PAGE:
In both my private practice and part time employment I am involved with children who don't seem to learn at the same rate as their peers. This can sometimes require assessment for a specific learning disability with recommendations on how to support them in the classroom and at home. I recently purchased the book photographed in this post and consider it one of the best I have read. I am in awe of the amount of research undertaken by its author and her ability to bring it all together.
When our thinking in is in 'flow' insight often comes to mind. 'Flow' is usually associated with creating a wonderful art piece or whilst playing sport. For me, if I am engaged with what I am reading, 'flow' can also enter. It was whilst reading this book that my mind turned to how difficult it was for me in the beginning to understand the definition of several of the terms she was using and how I still get a sense of fuzziness every time I come across them. And then I realised! I first came across the terms when I didn't know their meaning and had to talk with another professional using them in language. If I wasn't going to appear ill informed I needed to understand those terms in the moment - which was impossible, so I simply kept the conversation going until I could go away and locate their definition.
But do you know what? Every time I now come across the specific terms my body goes into anxiety. From neuroscience we know that neurons that fire together wire together. Here I have a personal lived example of anxiety neurons firing at the same time as I was required to engage with several key professional terms. And now, every time I come across those terms, no matter how often I have looked them up, attempted to memorise them, considered various mnemonics I could employ ... my body goes into anxiety and the terms always feel 'fuzzy' like I just don't quite know what they refer to.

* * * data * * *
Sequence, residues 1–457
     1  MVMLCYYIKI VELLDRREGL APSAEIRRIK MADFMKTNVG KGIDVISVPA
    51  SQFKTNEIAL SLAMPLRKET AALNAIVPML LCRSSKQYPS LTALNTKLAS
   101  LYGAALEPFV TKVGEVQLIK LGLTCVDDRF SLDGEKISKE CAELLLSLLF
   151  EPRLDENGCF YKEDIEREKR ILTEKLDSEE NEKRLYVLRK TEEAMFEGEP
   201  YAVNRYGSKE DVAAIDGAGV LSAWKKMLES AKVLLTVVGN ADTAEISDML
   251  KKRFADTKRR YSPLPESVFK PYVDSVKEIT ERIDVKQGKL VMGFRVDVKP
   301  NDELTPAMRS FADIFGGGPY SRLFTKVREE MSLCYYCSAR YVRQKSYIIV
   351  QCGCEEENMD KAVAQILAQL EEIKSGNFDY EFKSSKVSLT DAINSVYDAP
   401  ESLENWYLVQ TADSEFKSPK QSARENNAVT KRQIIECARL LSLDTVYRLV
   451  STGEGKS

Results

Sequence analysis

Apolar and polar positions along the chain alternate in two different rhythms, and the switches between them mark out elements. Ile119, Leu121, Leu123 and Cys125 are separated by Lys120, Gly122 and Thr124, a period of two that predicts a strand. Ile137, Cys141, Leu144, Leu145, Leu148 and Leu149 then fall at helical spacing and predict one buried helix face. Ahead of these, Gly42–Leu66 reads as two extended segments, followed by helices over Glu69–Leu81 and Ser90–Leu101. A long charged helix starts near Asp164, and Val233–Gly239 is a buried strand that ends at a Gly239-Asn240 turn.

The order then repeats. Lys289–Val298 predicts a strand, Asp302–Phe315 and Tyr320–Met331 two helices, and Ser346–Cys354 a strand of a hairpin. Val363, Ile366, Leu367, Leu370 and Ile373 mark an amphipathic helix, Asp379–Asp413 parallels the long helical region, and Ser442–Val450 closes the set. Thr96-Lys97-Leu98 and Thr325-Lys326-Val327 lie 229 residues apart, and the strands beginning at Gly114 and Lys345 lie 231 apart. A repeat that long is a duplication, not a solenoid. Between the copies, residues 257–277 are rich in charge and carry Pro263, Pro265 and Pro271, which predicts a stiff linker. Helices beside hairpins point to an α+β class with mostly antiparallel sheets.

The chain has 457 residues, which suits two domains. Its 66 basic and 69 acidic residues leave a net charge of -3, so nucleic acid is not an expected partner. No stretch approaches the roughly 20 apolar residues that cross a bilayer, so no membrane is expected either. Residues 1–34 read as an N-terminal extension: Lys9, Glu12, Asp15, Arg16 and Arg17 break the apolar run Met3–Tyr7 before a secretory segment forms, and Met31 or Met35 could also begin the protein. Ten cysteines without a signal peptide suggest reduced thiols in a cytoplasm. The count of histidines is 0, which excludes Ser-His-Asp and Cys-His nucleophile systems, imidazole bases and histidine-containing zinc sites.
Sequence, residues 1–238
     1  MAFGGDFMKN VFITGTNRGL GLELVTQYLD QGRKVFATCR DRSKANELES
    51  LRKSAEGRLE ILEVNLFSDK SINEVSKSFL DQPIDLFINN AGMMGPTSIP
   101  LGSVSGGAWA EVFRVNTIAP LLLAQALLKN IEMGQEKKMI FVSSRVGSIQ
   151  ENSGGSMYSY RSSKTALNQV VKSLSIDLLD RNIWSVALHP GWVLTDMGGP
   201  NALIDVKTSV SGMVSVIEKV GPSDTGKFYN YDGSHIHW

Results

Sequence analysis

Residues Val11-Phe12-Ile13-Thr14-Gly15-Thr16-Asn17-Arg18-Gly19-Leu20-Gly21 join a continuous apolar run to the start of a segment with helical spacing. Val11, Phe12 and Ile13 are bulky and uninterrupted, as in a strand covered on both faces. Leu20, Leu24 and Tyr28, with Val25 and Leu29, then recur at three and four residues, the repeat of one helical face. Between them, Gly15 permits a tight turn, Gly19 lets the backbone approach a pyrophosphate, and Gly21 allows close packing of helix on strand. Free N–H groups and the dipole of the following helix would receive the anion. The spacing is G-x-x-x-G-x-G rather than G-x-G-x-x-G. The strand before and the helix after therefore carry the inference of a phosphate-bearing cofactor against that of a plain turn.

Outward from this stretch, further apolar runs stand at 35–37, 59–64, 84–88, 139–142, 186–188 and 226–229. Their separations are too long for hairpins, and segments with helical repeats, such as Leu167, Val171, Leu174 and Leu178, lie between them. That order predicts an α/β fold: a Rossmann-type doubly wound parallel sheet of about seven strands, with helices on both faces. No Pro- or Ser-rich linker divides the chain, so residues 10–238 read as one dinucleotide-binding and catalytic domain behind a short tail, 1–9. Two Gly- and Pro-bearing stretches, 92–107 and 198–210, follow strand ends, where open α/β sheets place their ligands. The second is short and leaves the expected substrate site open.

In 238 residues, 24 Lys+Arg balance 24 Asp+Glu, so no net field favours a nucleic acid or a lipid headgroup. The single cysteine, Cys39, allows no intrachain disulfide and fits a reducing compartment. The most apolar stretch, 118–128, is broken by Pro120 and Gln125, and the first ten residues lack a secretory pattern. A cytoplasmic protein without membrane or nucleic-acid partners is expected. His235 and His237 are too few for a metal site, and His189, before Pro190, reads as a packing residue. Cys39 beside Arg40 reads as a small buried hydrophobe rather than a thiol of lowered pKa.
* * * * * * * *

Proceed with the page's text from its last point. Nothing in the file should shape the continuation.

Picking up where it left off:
Three little words, I have a 'fuzzy' experience every time I encounter these three little words, all because of the powerful wiring that occurred when I first had to use them. Imagine what it must be like for children in classrooms or at home, first attempting to read, or speak in front of others, or write, or spell .... thinking they should be able to do it, wanting to appear competent ... and anxious.
So much research is revealing the fact that if teachers and adults around children spend time cultivating a relaxed feeling .... cultivating rapport, then children learn with ease and perform better. All children with learning difficulties and disabilities exhibit the interference of anxiety. At times it is like detective work trying to determine specifically what their anxiety is connected to and how this plays out in other areas of their learning. Then the task is to rewire, create feelings of peace and ease when interacting with tasks and situations that previously held high anxiety. Staying in an open space ourselves, observing, experimenting/playing, intuiting what to try next, being curious ..... love. What is good for the soul is also good for learning. The effectiveness of evidence based programs can never be separated from the feeling the teacher or adult brings to learning and the feeling state of the child. Thankfully we live in times in which our understanding of what makes a program effective and how feelings impact on learning is rapidly expanding.